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R.I.P. George Tooker:

THE ONE PAINTING SYNDROME
by Charlie Finch
 
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George Tooker, who died yesterday at 90 and painted and exhibited right up to the end of his life, was known for one painting, The Subway (1950), deemed the perfect summation of modern urban alienation. Other examples of artists known by just one painting immediately come to mind (try it, it's fun): Gericault's Raft of the Medusa, Robert Indiana's Love, Grant Wood's American Gothic. If you are known for two paintings, such as Leonardo, then you are home free and curiosity from the general public about the rest of your work can continue.

There is a bit of give with Gainsborough's Blue Boy and Whistler's Mother, because enough is known about the rest of their work generally not to confine these artists to the tyranny of one work. Duchamp's Nude Descending a Staircase is home free, because no one has ever heard of it (I described it to someone just the other day). So the question is begged: if you were an artist, would you rather be known, everywhere, for just one painting, than not to be famously known at all? In the art world, of course, a certain work can define an artist, and perhaps it is no coincidence that these examples are by women: Judy Chicago's The Dinner Party and Jay Defeo's The Rose. But to the wider world the raison d'Ítres for the one painting syndrome are diverse.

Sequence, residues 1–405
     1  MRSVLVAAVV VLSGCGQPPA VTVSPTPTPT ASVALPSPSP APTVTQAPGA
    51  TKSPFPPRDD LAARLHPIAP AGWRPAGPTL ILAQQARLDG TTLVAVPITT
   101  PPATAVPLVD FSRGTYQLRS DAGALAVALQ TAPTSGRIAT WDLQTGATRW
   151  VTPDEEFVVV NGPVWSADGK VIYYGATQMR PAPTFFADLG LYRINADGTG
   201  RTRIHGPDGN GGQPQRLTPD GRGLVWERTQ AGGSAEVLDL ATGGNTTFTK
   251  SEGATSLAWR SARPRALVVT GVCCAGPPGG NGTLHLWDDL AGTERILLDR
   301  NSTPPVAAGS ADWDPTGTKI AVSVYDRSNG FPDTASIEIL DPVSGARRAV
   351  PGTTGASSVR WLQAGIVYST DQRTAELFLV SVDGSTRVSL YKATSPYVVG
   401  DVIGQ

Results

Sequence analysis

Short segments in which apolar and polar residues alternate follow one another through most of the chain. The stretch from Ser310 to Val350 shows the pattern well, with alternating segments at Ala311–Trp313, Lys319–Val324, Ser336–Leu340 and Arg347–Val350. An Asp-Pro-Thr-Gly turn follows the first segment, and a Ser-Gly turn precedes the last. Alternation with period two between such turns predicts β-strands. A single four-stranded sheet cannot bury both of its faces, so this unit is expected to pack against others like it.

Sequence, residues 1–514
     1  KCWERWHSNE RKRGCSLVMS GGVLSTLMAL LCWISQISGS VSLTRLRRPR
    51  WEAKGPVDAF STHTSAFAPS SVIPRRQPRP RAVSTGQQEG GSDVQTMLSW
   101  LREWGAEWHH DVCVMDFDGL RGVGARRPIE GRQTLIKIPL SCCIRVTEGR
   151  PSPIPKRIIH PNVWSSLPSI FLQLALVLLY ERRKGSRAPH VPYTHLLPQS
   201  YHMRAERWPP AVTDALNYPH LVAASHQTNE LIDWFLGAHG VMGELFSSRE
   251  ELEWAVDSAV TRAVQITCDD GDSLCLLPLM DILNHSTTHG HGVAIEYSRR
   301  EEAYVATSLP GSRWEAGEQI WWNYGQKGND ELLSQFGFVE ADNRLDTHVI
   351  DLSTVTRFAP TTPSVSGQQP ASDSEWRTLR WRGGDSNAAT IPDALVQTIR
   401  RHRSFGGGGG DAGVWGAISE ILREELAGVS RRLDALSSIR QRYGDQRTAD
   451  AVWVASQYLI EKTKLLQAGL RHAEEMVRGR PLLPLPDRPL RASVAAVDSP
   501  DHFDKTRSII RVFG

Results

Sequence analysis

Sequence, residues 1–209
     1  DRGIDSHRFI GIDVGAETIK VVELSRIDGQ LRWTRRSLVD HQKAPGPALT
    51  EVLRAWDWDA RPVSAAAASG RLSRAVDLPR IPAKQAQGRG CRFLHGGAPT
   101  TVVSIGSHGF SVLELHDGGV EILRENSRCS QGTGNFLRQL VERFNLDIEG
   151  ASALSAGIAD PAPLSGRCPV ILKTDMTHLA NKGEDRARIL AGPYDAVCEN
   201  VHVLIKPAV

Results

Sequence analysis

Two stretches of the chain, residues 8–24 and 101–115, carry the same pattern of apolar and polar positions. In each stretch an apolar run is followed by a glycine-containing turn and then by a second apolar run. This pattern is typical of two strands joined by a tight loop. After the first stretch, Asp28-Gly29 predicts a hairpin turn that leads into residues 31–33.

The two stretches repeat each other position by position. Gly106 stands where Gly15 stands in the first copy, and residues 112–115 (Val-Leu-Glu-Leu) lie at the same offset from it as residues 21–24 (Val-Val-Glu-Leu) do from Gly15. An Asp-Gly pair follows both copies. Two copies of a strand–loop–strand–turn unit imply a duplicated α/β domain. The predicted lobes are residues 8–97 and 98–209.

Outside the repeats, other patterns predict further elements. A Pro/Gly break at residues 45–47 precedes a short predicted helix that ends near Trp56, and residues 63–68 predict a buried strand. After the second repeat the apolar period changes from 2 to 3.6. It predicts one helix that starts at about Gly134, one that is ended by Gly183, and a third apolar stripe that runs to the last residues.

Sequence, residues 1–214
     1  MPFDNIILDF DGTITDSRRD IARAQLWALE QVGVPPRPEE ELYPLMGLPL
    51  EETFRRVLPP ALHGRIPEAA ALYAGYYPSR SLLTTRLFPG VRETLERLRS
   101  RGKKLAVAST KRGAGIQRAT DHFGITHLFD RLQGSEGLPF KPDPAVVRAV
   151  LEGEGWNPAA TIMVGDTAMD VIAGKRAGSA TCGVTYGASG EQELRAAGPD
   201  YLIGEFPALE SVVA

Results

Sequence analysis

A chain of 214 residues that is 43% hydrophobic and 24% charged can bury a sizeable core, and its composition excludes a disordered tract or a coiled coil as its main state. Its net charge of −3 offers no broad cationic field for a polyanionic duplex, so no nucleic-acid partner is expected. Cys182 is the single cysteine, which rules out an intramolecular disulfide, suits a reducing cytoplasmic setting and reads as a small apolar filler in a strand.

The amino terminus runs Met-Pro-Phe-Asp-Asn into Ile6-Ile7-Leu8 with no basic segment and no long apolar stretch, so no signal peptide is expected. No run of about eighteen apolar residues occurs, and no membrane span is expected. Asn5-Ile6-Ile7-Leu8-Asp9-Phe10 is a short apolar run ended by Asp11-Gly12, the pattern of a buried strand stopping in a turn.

In the case of Tooker's Subway, for example, you may not have known the name of the artist, but you have seen the picture, reproduced in a thousand books of all varieties, and buttressed in its time by bestsellers like David Riesman's "The Lonely Crowd" which underscored the universality of its alienated message. Love conversely, while assumptively universal as a sentiment, is known for its graphic convertibility into all sorts of uses, while American Gothic is a wellspring for ageless satire.

But there is something deeper and that is the fact that we can only behold and think about one painting at a time and thus, in a sense, yearn for a masterpiece spiritually. I have been reading the memoirs of Fyodor Dostoevsky's second wife Anna this week (and, boy, did they have a tough life: debts, family spongers, secret police surveillance, infant mortality, you name it). Theirs was a love match, and, on their wedding day, the thing that concerned the happy couple the most was presenting the right icon at the ceremony. It was the parading of the icon that would guarantee a blessed union.

And thus we come back to Tooker's Subway: its function is iconic and something happened between artist and canvas with this particular painting that strived for and met a Platonic ideal of what a painting should be. There are far meaner reasons to be recognized by posterity and most of us will have none at all. So, thank you, George Tooker, you made your way into our souls.


CHARLIE FINCH is co-author of Most Art Sucks: Five Years of Coagula (Smart Art Press).


 



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